Indian ice-cream or Sxusem (pronounced "s-khushem", with "kh" sound resembling the final sound in the Scottish word 'loch') is a dessert made by native people throughout the Pacific Northwest region of North America. Traditionally this foam was eaten at larger gatherings with wooden spoons and children were known to play with the foam, sometimes throwing it at each other. Indian ice-cream is refreshing but a little bitter.
- 2 c soapberries also known as the Canada Buffaloberry
- 2 c water
- optional sweeteners may include fireweed, camas bulb (Camassia quamash) or sweet berries such as salal berries (Gaultheria shallon), or thimbleberries. Nowadays many people sweeten it with sugar.
- A branch of soapberries can be shaken over a metal or glass container until all of the ripe berries fall off.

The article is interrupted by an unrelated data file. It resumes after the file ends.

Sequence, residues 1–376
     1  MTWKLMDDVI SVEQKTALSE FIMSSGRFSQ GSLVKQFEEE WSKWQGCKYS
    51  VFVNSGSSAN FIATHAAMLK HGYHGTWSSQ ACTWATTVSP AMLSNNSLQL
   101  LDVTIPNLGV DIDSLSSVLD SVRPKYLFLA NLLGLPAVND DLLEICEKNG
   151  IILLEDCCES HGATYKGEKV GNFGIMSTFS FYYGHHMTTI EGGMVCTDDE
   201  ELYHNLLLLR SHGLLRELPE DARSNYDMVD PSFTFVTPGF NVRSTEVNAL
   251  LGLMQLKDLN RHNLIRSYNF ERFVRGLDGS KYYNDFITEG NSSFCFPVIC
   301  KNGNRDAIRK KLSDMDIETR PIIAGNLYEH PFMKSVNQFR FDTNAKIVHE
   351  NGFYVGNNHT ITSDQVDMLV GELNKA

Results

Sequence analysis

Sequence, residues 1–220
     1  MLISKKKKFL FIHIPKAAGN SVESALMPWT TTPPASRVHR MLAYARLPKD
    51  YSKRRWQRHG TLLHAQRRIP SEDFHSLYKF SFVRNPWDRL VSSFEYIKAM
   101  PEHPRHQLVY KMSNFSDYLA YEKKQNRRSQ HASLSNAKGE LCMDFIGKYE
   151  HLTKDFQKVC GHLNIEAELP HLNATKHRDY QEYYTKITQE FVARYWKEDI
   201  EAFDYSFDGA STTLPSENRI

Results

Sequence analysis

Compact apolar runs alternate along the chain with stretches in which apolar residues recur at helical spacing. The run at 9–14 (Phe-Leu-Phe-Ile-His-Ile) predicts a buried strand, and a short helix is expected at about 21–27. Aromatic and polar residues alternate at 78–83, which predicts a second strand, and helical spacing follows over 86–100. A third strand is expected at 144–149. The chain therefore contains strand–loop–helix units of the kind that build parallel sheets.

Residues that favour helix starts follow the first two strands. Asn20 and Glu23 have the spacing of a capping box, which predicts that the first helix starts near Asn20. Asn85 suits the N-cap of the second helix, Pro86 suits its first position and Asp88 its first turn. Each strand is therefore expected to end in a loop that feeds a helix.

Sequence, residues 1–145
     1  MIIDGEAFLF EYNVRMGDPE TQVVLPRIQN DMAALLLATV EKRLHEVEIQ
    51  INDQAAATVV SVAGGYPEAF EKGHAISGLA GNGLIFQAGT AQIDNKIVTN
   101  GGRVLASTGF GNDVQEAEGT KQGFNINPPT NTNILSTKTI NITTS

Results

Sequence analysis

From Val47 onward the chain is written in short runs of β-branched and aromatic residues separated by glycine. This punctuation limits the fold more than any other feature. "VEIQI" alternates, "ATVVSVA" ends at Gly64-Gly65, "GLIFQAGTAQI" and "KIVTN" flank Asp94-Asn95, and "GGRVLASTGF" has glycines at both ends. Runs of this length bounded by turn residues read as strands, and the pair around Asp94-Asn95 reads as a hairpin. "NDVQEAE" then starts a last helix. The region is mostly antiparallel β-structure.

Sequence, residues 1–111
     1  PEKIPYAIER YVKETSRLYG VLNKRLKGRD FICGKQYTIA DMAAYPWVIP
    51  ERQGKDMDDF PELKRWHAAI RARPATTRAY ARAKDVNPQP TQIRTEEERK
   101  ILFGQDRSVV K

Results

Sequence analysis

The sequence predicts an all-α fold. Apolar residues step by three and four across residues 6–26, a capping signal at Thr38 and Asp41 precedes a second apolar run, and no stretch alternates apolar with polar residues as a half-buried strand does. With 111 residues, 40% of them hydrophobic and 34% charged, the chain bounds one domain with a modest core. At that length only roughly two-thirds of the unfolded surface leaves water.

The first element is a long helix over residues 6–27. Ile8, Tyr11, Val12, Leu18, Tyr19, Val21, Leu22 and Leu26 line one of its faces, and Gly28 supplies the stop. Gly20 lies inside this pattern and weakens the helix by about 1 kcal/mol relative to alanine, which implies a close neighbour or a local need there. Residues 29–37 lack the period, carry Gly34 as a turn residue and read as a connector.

- Note: oily or plastic containers will prevent frothing!
- Crush berries to release the liquid/juice
- Combine juice with an equal part of water
- Add sweetener
- Whip it with a whisk until foamy, similar in texture to whipped cream.
- Poser, William (1998). Nak'albun/Dzinghubun Whut'enne Bughuni (Stuart/Trembleur Lake Carrier Lexicon). Vanderhoof, British Columbia: Yinka Dene Language Institute.
- Turner, Nancy (1997). Food Plants of Interior First Peoples. Vancouver: University of British Columbia Press. ISBN ISBN 0-7748-0606-0.
- Turner, Nancy (2003). Food Plants of Coastal First Peoples. Vancouver: University of British Columbia Press. ISBN ISBN 0-7748-0533-1.
- w:Agutak also known as Eskimo ice cream